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4.7 – GPS Update

It is important to ensure GPS software is up to date so that any software bugs are fixed and any base maps are updated with any changes.


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4.8 – Waterproof

Put your GPS device into a waterproof ziploc bag when not in use to improve waterproofing.


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5 – Hiking GPS Usage – Accuracy And Reception

The following hiking GPS tips are concerned with the accuracy and reception of signals from satellites:


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5.1 – Accuracy

There will always be some error in determining your location, speed and altitude from GPS readings. Always consider this potential for error when hiking and also carry an altimeter when hiking at altitude. Also, do not rely on your GPS directions unless you get a good signal from at least 4 satellites. Use your map and compass.


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5.2 – Satellite Reception

Handheld gps, DAPA GPS Fruit4

Handheld gps, DAPA GPS Fruit4—CIAT International Center for … (Flickr.com)

The functioning of a GPS relies on the reception of satellite signals. Consider the following hiking GPS tips:

  • If a new GPS is not picking up signals when you use it for the first time, initialize it so that it orients to its current surroundings and downloads information from the satellites in the local sky. Future satellite acquisition will be quicker and more effective.
  • It could take several minutes before your GPS locks on to satellites, so be patient.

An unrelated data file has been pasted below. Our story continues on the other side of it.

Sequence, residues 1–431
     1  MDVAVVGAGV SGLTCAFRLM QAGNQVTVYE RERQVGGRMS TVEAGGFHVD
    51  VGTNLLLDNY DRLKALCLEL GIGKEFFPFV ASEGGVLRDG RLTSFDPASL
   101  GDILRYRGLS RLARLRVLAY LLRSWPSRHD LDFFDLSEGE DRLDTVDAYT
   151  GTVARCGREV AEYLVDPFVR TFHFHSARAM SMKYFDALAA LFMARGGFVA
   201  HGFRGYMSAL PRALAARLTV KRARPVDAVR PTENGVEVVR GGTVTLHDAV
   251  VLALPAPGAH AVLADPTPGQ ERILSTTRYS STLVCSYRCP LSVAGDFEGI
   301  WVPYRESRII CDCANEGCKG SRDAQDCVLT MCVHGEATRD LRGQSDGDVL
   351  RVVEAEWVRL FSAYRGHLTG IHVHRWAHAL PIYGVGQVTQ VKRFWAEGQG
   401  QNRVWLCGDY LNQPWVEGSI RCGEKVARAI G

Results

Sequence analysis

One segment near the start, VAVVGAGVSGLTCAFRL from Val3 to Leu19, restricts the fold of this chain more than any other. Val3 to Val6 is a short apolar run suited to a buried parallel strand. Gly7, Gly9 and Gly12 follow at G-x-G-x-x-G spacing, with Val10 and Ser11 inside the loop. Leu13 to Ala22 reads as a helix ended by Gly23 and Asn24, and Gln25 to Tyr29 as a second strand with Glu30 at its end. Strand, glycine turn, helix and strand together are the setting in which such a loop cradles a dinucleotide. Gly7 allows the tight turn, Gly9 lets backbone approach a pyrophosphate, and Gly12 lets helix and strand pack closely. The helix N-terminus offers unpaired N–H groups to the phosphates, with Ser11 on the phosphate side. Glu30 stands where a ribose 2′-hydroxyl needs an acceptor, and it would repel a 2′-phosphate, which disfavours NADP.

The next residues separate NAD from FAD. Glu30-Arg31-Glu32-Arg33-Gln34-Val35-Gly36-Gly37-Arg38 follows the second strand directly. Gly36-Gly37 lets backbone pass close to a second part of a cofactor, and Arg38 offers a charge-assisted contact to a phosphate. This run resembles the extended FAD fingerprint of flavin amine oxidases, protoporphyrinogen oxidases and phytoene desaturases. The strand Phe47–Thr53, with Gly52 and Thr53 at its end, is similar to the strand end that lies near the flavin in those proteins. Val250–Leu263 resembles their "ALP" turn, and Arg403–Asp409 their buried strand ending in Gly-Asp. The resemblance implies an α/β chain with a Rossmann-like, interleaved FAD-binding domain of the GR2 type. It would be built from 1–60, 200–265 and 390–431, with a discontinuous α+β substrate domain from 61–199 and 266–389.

• Sometimes you can acquire a satellite lock more quickly when turning your GPS off then back on.
  • The optimal circumstance for a satellite lock is a clear view of the sky.
  • Anything that obscures the GPS view of the sky or the horizon, such as overhead trees, gorges and high buildings can impede reception and satellite lock.
  • Find an open space, clearing or a high point if you need to get a stronger satellite signal.
  • When hiking under heavy foliage, once you have satellite lock on your GPS, keep it on as it may be difficult to reacquire the lock if lost.
  • If you lose satellite lock when hiking under heavy foliage try to find a clearing to reacquire the lock.


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6 – Hiking GPS Usage – Navigating

The following hiking GPS tips are concerned with actually navigating using a GPS device:


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6.1 – Mark Start Location

Always set the start location of your hike in your GPS in order to find your way back after the hike or in case you get lost. Also mark intermediate points.


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6.2 – Clear Track Log

Clear the track log from GPS if low on memory before going on a long hike. If you are going to store waypoints for tracking back to your starting point this is important. Better to begin hiking with clean GPS memory than discover low GPS memory part way on your hike.


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6.3 – Breadcrumb Trail

Whenever venturing into unknown territory you can set your GPS to automatically record trackpoints as you go, which you can retrace if you get lost.


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6.4 – Storing Waypoints

When storing waypoints for finding your way back, make sure you include a serial number with each waypoint, such as track1, river2, etc. This way you do not have to rely on your memory to know which waypoint comes next and makes retracing your route easy.


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6.5 – Carrying GPS

Hiking gps, hiking Mount Rose GPS

Hiking gps, hiking Mount Rose GPS—brewbooks (Flickr.com)

Here are two useful hiking GPS tips about carrying your GPS during a hike:

  • Attach your GPS to your backpack shoulder strap in order to give it a clearer view of the sky.
  • When walking with your GPS in your hand do not swing your arms, as this motion may disorient the GPS receiver.

6.6 – Magnetic Deviation

Unless you know the exact magnetic deviation for your location, use the setting provided by the GPS to coordinate the GPS with your compass readings.


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6.7 – Heading Display